Stroke patient's alarm choice: General practitioner or emergency medical services

T. Truc My Nguyen*, Nyika D. Kruyt, Jorien G.J. Pierik, Carine J.M. Doggen, Peter van der Lugt, Saager A.V. Ramessersing, Naomi T. Wijers, Paul J.A.M. Brouwers, Marieke J.H. Wermer, Heleen M. den Hertog

*Corresponding author for this work

Research output: Contribution to journalArticleAcademicpeer-review

3 Citations (Scopus)
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Objectives: Stroke patients should be treated as soon as possible since the benefit of reperfusion therapies is highly time-dependent. The proportion of patients eligible for reperfusion therapy is still limited, as many patients do not immediately alarm healthcare providers. The choice of healthcare system entrance influences the time of arrival in the hospital. Therefore, we assessed differences in these choices to obtain insight for strategies to reduce time delays in acute stroke patients. Materials and Methods: Patients with suspected acute stroke admitted to the participating hospitals received a questionnaire. We assessed differences between patients who initially alarmed the general practitioner (GP) and patients who directly alarmed the emergency medical services (EMS). Additionally, we assessed regional differences and patient trajectories after medical help was sought. Results: We included 163 patients. Most patients alarmed the GP as primary healthcare provider (n = 104; 64%), and median onset-to-door times were longer in these patients (466 minutes [IQR 149–1586]) compared to patients directly alarming the EMS (n = 59; 36%) (90 minutes [IQR 45–286]). This was even more pronounced in less densely populated areas. Patients who alarmed the GP first, more often had patient delay >15 minutes, hesitated to burden healthcare providers and underestimated symptomatology. Conclusions: Our results showed that patients who alarmed the GP first instead of the EMS differed in several factors that are potentially modifiable. Strategies to achieve reduction of vital prehospital time delays and to improve patient outcome are optimizing public awareness campaigns and GP triage along with adjusting current guidelines by enabling and focusing on immediate involvement of the EMS once acute stroke is suspected.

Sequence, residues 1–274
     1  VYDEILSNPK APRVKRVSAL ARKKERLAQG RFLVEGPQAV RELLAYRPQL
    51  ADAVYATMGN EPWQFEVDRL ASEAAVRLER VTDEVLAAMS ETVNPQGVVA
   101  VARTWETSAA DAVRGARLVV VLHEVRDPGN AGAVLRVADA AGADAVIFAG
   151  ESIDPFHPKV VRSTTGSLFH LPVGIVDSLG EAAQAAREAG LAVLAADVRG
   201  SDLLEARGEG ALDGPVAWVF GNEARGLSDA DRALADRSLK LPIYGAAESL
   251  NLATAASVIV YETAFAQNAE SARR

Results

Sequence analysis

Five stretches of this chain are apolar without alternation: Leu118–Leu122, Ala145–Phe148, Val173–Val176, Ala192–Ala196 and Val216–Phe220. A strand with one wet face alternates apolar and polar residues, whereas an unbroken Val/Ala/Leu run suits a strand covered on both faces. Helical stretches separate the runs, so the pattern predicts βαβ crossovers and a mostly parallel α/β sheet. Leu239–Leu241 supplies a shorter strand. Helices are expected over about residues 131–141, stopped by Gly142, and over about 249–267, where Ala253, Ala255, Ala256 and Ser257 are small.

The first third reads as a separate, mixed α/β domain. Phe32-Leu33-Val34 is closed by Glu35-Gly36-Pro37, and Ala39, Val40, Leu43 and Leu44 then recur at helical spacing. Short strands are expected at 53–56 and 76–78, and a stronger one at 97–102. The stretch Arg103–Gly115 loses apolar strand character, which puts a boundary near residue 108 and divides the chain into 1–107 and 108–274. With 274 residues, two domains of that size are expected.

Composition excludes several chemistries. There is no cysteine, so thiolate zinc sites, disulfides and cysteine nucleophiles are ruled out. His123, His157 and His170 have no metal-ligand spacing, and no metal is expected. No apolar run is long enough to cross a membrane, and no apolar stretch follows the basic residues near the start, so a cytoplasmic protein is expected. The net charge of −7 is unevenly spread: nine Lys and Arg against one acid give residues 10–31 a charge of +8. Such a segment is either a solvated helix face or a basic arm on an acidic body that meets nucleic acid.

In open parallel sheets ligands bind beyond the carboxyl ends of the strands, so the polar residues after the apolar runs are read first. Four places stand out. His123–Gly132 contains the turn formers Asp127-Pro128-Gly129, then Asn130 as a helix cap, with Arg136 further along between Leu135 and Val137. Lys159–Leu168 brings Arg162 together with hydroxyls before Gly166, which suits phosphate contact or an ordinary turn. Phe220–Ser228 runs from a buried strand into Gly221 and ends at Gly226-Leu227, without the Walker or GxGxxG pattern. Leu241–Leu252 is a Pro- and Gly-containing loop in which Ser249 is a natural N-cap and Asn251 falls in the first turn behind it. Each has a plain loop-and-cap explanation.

Original languageEnglish
Pages (from-to)164-170
Number of pages7
JournalActa Neurologica Scandinavica
Issue number2
Early online date3 Sept 2020
Publication statusPublished - Feb 2021


  • emergency medical services
  • general practitioner
  • patient delay
  • patient's choice
  • stroke


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